Work at the site of the Canadian Port of Entry (POE) is proceeding in a two-phase approach, with completion expected in late 2019. Phase One construction began in October 2015. The second phase began on January 2017.
Phase One construction consists of the construction of a perimeter access road, placement of fill, grading and drainage and minor utility relocation at the Canadian POE.
Phase Two focuses primarily on the relocation of Hydro One infrastructure at the Canadian POE, which is a complex network of high-voltage electrical distribution and transmission lines that will be relocated both underground and to new overhead locations.
Phase One - Early Works
On September 25, 2015, Windsor-Detroit Bridge Authority (WDBA) selected Amico Infrastructures Inc. of Oldcastle, Ontario as its contractor to complete the first phase of preparatory activities, known as Early Works, on the site of the Canadian Port of Entry (POE).
The Early Works activities will prepare the Canadian POE site for the work to be undertaken by the private-sector partner to be identified through the public-private partnership (P3) procurement process.
Included in this project is:
- construction of a perimeter access road (PAR)
- the placement of fill, grading and drainage
- utility relocation.
Perimeter Access Road (PAR)
Once construction of a new four kilometre, two-lane PAR is complete, existing sections of Sandwich Street and Broadway Street located within the footprint of the Canadian POE will need to be closed. The new PAR will be built around the site of the Canadian POE. The road will provide public access to private and public properties adjacent to the Canadian POE. The new road will also allow for the access for emergency services such as fire and police. The new PAR will be constructed to City of Windsor standards. Ultimately, ownership of the new road will be transferred to the City and it will become a municipal roadway. Watch our time-lapse video of the PAR under construction.
Fill, Grading and Drainage
The new Canadian POE will include several buildings, roadways and parking lots as well as bridge ramps and bridge piers. All of these elements will require a solid base on which they can be built. To ensure that the site is prepared for additional loading, various geotechnical soil improvement techniques will be utilized. These techniques include the installation of wick drains and fill surcharge which will accelerate the settlement of the underlying soils. The site will also be graded to accommodate a comprehensive drainage plan.
Various existing municipal utilities including water lines, sanitary and stormwater systems, are located within the footprint of the Canadian POE. Several of these utilities are obsolete and need to be abandoned. Many more need to be relocated to ensure that service to existing customers is not disrupted. The relocated utilities will be moved to the right-of-way along the PAR and in designated utility corridors throughout the Canadian POE. There will be no interruption of utility services during the relocation.
Phase One – Key Activities
Species at Risk Removal
Collection and relocation of species at risk is ongoing. Experts collected hundreds of plants and species from the Canadian POE site. All workers in the project area have received species at risk training in accordance with environmental obligations.
Black geotextile fabric fencing called exclusion fencing has been installed to limit access to the site by species at risk, other wildlife and people. Approximately 4.5 kilometres / 2.8 miles of exclusion fence have been installed around the perimeter of the construction zone. Watch our video.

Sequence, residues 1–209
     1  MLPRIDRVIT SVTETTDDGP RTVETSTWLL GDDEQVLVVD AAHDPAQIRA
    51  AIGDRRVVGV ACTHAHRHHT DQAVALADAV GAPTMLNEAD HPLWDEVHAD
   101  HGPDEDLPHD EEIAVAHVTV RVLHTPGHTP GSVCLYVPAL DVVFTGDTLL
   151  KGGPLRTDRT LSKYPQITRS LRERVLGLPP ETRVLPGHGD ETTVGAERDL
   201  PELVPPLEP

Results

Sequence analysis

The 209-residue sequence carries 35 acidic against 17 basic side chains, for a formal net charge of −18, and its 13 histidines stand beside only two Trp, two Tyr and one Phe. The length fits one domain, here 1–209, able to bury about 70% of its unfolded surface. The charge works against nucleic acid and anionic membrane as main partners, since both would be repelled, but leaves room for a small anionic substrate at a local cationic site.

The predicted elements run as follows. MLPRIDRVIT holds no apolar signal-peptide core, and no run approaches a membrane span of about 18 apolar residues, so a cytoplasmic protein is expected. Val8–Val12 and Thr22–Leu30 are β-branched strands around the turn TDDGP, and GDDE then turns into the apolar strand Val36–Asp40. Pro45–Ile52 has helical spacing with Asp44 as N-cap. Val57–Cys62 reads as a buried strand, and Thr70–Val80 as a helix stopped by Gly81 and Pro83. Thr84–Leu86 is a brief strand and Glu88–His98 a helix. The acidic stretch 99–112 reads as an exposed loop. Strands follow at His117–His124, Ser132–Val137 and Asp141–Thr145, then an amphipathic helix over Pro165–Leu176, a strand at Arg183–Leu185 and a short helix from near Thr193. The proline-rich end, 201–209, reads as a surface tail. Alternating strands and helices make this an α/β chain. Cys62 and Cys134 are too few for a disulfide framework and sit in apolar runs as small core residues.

Grubbing and Topsoil Removal
To prepare the site for Early Works construction, the removal of existing vegetation along with stripping of topsoil is needed. Approximately 38,000 m3 / 1.3 million cubic feet of topsoil has been removed from the Canadian site so far. Watch our video.
Wick Drain Installation
Wick drains are man-made drainage paths to allow for faster settling of certain types of soils. They provide greater soil strength in areas where a significant amount of fill will be placed. Once the wick drains were installed to the depth of approximately 20 metres / 65 feet deep, fill was placed to build up the area in preparation for road construction and paving. In total over 42,000 wick drains were installed utilizing 850 kilometres of wick. Watch our video of wick drains being installed.
Wick drains drain into this layer which directs the excess water to the surface drainage system. Approximately 91,000 tonnes of fill was be used for the drainage blanket.
Broadway Drain Reconstruction
The existing Broadway Drain has been reconstructed to accommodate future needs including planning for a rare storm event. The existing drain was widened to over 20 metres / 65 feet in sections once completed. The design allows for a hibernacula – homes/habitat for snakes that may be in the surrounding areas.
Approximately 4.3 kilometres (2.7 miles) of new high-pressure natural gas pipeline has been installed at the Canadian POE.
The pipeline delivers natural gas to two local power generating stations, which use the natural gas to generate electricity for the provincial energy grid. WDBA worked closely with Union Gas Limited, the power generating facilities and the Ontario Provincial Independent Electricity System Operator (IESO) to coordinate the changeover at the power plants to ensure there was no interruption to the energy grid. Watch our video on the installation of the gas pipeline.
Hydro One, in partnership with WDBA, has installed three new transmission towers, which replace three existing structures. Watch a time-lapse of a tower under construction. Watch our time-lapse video.
A municipal pumping station is located within the footprint of the Canadian POE and must be relocated. Excavation for a new pumping station is underway.